In the NY-Sun Order, the PSC directed that initial funding be sourced from existing uncommitted NYSERDA funds originally collected for the development of large-scale renewable generation. NYSERDA may now commit and spend as much as two-fifths of the total expanded NY-Sun authorization, or $230 million, of those uncommitted funds as part of NY-Sun. The PSC will consider the appropriate source of funding for the following period as part of its review of the Clean Energy Fund.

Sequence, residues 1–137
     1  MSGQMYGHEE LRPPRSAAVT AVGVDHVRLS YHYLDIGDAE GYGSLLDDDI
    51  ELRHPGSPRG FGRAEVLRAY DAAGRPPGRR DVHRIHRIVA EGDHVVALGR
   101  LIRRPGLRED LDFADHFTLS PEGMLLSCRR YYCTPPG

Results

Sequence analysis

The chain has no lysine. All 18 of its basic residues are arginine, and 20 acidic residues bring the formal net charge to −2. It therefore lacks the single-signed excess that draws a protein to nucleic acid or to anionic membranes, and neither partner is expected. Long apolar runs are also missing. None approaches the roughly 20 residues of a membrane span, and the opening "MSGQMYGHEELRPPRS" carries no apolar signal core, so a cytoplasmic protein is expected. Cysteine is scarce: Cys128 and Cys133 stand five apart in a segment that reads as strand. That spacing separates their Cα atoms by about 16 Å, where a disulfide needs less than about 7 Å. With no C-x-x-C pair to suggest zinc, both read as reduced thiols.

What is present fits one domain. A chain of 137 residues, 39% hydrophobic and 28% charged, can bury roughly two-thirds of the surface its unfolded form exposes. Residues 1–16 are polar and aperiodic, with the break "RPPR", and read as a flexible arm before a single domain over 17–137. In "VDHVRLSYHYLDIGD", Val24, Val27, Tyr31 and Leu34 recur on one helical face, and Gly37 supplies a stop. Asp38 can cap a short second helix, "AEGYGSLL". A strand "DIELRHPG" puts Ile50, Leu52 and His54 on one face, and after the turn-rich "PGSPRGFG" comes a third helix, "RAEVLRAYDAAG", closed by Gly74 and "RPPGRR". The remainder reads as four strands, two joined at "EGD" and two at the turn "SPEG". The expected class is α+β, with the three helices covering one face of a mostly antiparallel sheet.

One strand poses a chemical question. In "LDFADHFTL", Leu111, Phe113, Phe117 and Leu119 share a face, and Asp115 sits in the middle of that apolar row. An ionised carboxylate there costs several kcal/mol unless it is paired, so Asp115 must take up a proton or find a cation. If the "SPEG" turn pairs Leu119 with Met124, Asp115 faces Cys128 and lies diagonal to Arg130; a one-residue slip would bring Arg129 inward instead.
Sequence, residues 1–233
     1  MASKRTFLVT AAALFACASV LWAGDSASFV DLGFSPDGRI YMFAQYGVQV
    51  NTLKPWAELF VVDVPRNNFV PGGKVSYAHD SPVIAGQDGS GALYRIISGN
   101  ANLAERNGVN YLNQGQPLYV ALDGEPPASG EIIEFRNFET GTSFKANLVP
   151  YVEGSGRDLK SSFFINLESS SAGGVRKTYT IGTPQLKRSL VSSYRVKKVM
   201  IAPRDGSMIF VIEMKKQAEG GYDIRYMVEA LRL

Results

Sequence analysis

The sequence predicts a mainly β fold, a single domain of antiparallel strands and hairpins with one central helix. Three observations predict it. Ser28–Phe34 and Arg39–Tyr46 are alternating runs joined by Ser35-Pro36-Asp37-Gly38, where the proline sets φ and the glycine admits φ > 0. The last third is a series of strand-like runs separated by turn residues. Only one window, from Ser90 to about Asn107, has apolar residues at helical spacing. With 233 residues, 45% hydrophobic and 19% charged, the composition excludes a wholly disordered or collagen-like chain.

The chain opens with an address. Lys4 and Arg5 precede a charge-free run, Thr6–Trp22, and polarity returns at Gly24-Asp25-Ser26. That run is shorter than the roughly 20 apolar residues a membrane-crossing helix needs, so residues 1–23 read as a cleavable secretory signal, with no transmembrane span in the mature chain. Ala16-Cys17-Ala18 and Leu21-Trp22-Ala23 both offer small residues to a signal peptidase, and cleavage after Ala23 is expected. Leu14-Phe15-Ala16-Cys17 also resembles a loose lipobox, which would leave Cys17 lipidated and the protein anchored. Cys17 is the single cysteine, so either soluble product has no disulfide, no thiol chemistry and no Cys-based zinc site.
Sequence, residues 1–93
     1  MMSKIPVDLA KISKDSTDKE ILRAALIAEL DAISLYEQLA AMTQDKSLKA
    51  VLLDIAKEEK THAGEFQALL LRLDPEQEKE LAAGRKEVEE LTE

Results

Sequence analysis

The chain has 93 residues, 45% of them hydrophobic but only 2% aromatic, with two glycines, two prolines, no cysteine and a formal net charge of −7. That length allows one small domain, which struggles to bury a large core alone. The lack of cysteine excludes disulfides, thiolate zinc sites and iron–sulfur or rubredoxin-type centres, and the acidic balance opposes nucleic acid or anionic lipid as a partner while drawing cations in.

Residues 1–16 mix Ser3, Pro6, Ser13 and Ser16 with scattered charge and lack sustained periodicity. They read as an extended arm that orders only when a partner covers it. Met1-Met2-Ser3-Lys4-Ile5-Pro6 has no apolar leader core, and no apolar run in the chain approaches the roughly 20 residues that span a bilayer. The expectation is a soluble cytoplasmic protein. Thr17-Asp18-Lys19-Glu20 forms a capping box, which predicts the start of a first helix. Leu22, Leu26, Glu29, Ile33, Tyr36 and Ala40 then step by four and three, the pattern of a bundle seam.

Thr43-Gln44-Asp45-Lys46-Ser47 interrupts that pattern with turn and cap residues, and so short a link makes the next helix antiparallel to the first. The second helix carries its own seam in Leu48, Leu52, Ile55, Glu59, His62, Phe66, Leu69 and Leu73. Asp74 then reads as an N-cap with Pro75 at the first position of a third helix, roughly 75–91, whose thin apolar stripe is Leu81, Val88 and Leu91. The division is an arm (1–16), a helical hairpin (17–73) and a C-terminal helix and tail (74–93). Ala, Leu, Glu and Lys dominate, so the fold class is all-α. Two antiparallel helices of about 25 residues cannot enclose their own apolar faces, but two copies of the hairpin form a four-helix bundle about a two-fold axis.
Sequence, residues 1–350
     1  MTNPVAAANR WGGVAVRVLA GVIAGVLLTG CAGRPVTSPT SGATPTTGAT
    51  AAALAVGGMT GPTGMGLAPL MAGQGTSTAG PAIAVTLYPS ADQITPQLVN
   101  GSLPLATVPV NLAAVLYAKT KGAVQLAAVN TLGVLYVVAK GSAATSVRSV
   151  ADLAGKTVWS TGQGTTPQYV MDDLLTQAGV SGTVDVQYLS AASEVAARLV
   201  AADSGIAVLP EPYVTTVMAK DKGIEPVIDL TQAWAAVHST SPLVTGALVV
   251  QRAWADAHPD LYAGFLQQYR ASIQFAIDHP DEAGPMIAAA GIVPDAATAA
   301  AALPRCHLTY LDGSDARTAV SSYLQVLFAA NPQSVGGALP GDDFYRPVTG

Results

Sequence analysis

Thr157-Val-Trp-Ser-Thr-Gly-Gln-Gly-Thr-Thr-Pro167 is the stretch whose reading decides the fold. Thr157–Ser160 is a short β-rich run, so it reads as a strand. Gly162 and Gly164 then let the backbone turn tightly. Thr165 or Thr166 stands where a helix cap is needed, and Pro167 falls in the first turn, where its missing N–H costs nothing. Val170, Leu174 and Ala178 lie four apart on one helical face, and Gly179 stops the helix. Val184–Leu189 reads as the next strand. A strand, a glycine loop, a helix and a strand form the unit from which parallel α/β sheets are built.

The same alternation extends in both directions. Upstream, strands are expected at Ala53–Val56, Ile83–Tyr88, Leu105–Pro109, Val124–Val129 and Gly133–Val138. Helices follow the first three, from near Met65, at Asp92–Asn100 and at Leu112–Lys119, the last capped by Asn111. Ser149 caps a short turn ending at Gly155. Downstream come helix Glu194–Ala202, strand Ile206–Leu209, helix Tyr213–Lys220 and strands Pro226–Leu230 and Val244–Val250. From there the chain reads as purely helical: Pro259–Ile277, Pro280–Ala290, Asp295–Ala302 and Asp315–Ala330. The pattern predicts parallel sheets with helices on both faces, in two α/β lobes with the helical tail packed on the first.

The NY-Sun Order provides for a Community Adder incentive for community distributed generation (CDG) projects in service territories where the Market Transition Credit (MTC) and Community Credit incentives funded by utilities have been exhausted. It is an up-front incentive, paid by NYSERDA. The Community Adder was previously established in the territories of Orange & Rockland Utilities and Central Hudson. It will now be extended to all other territories except for those of Consolidated Edison of NY and the Long Island Power Authority, as the PSC deemed additional incentives for CDG in these territories unwarranted. NYSERDA proposed a uniform level of $0.18/Watt DC for the adder. The PSC, however, directed NYSERDA to establish the new Community Adder in two or more segments, with the rate declining in each segment. The first rate should be available to projects that qualified prior to the issuance of the Order that are otherwise eligible for the Community Adder, as well as projects that qualify for an initial period following the Order. The first rate is to be set at a higher level than the proposed $0.18/Watt DC. The later rates may be at $0.18/Watt DC or a lower level. NYSERDA is directed to include the level of and qualification for each rate in its filing of the NY-Sun Operating Plan.